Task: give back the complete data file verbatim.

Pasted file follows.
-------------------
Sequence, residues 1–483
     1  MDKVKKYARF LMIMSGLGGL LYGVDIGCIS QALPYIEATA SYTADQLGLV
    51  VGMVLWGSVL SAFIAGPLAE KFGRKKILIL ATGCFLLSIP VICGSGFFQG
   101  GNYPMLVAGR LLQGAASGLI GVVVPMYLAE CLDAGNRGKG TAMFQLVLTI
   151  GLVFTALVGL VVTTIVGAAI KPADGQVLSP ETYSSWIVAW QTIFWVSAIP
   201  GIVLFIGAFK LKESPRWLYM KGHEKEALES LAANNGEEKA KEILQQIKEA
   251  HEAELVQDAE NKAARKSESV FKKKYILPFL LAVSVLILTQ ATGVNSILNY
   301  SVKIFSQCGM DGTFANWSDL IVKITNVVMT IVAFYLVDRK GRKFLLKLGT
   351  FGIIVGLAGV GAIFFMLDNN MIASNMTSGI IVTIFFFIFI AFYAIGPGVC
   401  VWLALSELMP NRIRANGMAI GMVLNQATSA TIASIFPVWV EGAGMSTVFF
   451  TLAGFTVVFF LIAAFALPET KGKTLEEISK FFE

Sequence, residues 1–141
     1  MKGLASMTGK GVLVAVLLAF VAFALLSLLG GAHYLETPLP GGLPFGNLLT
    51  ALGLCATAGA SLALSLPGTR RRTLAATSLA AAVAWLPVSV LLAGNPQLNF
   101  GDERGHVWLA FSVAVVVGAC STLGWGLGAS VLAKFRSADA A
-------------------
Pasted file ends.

Sequence, residues 1–483
     1  MDKVKKYARF LMIMSGLGGL LYGVDIGCIS QALPYIEATA SYTADQLGLV
    51  VGMVLWGSVL SAFIAGPLAE KFGRKKILIL ATGCFLLSIP VICGSGFFQG
   101  GNYPMLVAGR LLQGAASGLI GVVVPMYLAE CLDAGNRGKG TAMFQLVLTI
   151  GLVFTALVGL VVTTIVGAAI KPADGQVLSP ETYSSWIVAW QTIFWVSAIP
   201  GIVLFIGAFK LKESPRWLYM KGHEKEALES LAANNGEEKA KEILQQIKEA
   251  HEAELVQDAE NKAARKSESV FKKKYILPFL LAVSVLILTQ ATGVNSILNY
   301  SVKIFSQCGM DGTFANWSDL IVKITNVVMT IVAFYLVDRK GRKFLLKLGT
   351  FGIIVGLAGV GAIFFMLDNN MIASNMTSGI IVTIFFFIFI AFYAIGPGVC
   401  VWLALSELMP NRIRANGMAI GMVLNQATSA TIASIFPVWV EGAGMSTVFF
   451  TLAGFTVVFF LIAAFALPET KGKTLEEISK FFE

Sequence, residues 1–141
     1  MKGLASMTGK GVLVAVLLAF VAFALLSLLG GAHYLETPLP GGLPFGNLLT
    51  ALGLCATAGA SLALSLPGTR RRTLAATSLA AAVAWLPVSV LLAGNPQLNF
   101  GDERGHVWLA FSVAVVVGAC STLGWGLGAS VLAKFRSADA A